condescension. We may be excused for not being always bright, for one is not master of cheerfulness to have it when one will; but we are not excusable for not being always gracious, yielding and considerate; for this is always in the power of our will, and we have only to determine to keep down the contrary humour and inclination.”—Francis de Sales, Treatise on the Love of God., book 11, chapter 21, conclusion.
4.     “The bees gather honey from the lily, the flag, the rose; yet they get as ample a booty from the little minute rosemary flowers and thyme; yea they draw not only more honey, but even better honey from these, for in these little vessels the honey, being more closely locked up, is kept better. Truly, in the low and little works of devotion, charity is not only practised more frequently, but ordinarily more humbly too, and consequently more usefully and more holily.
“Those condescensions to the humours of others, that bearing with the clownish and troublesome actions and ways of our neighbour, those victories over our own humours and passions, those renouncings of our lesser inclinations, that effort against our aversions and repugnances, that heartfelt and sweet acknowledgment of our own imperfections, the continual pains we take to keep our souls in equality, that love of our abjection, that gentle and gracious welcome we give to the contempt and censure of our condition, of our life, of our conversation, of our actions:—Theotimus, all these things are more profitable to our souls than we can conceive, if heavenly love have the management of them. But we have already said this to Philothea.”—Francis de Sales, Treatise on the Love of God., book 12, chapter 6, conclusion.
5.     God answers all prayers.  Sometimes He says yes, and sometimes He says no.
6.     God answers all prayers.  Sometimes He says yes, sometimes He says no, and sometimes He says “You’ve got to be kidding me!”
7.     God answers all prayers.  He never says no.  His answers are Yes, Wait, and For you, I have something even better.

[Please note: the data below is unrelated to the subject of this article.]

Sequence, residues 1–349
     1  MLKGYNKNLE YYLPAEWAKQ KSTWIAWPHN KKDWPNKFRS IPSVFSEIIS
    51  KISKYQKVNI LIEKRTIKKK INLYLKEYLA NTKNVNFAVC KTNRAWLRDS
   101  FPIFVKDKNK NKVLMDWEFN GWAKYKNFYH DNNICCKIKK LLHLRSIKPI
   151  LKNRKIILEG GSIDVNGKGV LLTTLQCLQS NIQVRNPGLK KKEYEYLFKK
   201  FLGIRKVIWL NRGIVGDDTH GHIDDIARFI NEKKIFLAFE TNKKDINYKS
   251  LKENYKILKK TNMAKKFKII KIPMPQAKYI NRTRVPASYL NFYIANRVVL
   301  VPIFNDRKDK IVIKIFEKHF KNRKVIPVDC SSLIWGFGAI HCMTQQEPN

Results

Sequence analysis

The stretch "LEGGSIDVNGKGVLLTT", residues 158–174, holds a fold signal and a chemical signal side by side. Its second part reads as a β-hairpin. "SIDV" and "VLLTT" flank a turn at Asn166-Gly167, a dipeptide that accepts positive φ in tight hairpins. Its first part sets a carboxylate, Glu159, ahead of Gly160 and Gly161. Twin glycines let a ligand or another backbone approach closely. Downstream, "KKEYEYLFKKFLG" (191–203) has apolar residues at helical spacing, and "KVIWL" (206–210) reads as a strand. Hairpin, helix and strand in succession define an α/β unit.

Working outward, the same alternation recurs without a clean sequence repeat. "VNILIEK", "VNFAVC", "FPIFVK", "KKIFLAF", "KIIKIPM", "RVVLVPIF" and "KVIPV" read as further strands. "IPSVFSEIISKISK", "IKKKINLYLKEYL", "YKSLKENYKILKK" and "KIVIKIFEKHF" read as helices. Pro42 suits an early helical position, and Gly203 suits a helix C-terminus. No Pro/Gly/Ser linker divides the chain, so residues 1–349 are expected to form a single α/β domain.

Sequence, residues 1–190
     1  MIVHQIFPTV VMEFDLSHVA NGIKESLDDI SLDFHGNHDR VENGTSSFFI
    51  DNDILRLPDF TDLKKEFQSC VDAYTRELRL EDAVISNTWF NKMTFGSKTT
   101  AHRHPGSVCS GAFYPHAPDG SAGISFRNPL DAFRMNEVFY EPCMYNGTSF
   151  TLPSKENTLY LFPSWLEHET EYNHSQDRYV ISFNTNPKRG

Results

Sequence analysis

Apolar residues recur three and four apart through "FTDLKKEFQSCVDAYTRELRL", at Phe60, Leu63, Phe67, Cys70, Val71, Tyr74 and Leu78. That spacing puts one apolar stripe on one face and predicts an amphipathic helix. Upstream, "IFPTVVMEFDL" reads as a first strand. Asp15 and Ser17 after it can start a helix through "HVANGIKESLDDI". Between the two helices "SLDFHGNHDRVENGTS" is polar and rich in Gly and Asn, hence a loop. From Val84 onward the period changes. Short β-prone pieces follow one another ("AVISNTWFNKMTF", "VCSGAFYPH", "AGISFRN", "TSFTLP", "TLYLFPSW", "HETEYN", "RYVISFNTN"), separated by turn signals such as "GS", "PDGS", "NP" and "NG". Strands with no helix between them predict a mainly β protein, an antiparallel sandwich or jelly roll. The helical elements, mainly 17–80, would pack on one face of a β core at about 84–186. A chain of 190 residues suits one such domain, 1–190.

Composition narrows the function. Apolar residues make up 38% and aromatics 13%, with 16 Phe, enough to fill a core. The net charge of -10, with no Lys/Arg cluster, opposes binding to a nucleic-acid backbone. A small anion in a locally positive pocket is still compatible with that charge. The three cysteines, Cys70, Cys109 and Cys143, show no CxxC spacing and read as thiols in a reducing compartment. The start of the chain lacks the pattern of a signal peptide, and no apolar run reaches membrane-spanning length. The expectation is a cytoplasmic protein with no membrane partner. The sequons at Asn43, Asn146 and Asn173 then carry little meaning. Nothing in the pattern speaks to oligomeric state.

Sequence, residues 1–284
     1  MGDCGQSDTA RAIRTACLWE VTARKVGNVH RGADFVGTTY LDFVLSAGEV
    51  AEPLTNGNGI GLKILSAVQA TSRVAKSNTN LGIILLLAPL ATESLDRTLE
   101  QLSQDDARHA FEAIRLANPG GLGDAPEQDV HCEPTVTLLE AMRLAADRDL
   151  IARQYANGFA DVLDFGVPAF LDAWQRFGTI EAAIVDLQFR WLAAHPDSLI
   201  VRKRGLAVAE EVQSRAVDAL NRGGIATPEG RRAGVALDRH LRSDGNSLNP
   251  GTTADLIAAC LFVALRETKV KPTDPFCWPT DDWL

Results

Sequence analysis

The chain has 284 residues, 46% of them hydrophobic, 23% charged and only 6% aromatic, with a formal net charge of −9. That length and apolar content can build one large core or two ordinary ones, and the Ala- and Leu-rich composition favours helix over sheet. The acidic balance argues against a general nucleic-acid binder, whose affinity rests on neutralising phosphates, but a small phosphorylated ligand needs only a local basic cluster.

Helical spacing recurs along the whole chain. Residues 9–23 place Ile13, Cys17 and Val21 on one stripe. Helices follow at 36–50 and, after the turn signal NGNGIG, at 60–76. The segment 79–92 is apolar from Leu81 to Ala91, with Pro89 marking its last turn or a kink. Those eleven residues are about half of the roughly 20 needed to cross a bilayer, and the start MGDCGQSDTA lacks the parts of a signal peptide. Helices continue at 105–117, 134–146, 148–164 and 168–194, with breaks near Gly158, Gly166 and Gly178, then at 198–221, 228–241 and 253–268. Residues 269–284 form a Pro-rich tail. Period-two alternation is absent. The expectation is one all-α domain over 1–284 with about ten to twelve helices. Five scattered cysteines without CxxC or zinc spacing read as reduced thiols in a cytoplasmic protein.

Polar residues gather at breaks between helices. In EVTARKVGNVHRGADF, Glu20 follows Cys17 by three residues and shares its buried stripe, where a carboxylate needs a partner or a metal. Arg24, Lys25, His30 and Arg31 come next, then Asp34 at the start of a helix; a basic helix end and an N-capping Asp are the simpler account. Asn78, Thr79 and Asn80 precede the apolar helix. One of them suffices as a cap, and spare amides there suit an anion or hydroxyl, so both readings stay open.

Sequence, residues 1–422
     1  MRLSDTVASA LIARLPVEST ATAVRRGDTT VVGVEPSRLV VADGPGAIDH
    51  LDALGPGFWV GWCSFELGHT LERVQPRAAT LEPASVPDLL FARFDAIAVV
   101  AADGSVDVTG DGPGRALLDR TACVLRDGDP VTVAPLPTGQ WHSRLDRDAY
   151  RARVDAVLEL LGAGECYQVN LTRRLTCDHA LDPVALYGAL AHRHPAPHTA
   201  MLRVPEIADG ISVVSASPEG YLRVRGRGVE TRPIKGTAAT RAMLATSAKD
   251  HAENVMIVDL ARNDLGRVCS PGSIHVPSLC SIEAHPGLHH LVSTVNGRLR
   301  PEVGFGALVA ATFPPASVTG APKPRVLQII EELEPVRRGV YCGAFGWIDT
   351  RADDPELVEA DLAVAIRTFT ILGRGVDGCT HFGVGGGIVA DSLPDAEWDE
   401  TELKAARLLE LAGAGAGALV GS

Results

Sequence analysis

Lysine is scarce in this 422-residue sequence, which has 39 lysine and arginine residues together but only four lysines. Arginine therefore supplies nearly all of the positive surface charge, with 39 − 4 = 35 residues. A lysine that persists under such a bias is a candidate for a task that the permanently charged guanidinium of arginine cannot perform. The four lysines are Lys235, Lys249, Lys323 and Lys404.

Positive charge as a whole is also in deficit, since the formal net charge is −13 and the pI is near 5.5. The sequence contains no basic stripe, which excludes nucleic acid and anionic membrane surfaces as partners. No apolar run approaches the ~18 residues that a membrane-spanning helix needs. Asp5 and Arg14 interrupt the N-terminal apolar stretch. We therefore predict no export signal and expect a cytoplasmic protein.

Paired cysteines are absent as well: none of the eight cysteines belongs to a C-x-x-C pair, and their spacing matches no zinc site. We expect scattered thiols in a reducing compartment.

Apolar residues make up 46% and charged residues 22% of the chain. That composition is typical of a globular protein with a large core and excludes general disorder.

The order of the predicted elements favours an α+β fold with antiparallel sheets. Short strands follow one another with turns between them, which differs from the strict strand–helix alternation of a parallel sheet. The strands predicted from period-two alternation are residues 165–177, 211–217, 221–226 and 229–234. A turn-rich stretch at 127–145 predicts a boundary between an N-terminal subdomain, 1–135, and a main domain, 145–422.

Monday, March 12, 2018

Happy Lent

Every now and then in signing off on an email, one Catholic to another, I have to restrain myself from employing the phrase “Happy Lent!” as a complimentary close.  “Happy Easter” most people understand; but the idea of Lent as “happy” sounds off, at least in modern English.  Since most people would take it as sarcasm, I usually refrain.  But really, Lent is happy.

Mind you, I am not an utter barbarian: I would no more wish anyone a “Merry Lent” than I would express hope for their “merry death.”  That’s not just because “Merry Christmas” has different associations than the more solemn “Happy Easter.”  It’s because “merry” and “happy” actually have different connotations, even different meanings once word detection scrapes beneath the surface.  The first sense that the OED gives for “merry” is “That causes pleasure,” and most of the derivative senses of the word involve “pleasant” or “pleasing.”  The second major sense of “merry” is “Characterized by happiness or joy”—which makes sense, since “happy” and “merry” are sometimes treated as synonyms. 

Similarly, the secondary senses of “happy” “relat[e] to pleasing appropriateness or aptness” (italics added).  But the first senses of “happy” are those “related to good fortune.”  It is under this sense that the Beatitudes are sometimes translated with the word “happy,” even though that leads to some rather curious and (ahem) infelicitous combinations, e.g., “Happy are they that mourn.”  (Or, in the Old Testament, “Happy the man whom God chastises.”)  It is probably better on the whole, modern English being what it is, that “blessed” has been almost universally adopted instead; like “consubstantial,” it has the advantage of being a word that we all know we don’t quite understand, and thus cuts down on more serious misunderstanding.

But etymologically “happy” does suggest what the word “blessed” also aims to convey: the idea that one is fortunate.  It comes from the same root hap that yielded “happen” and “happenstance.”  Originally, all three were relatively neutral words relating to luck, lot, or chance.  But somewhere along the way some bright people (who were almost certainly Christian, and might recently have been discussing Romans 8:28) got the notion that, Providence being what it was, every hap that happened to a man was ultimately for his good.  So “happy” came to mean not merely “eventful” or “having stuff happen” but specifically “having good stuff happen, fortunate.”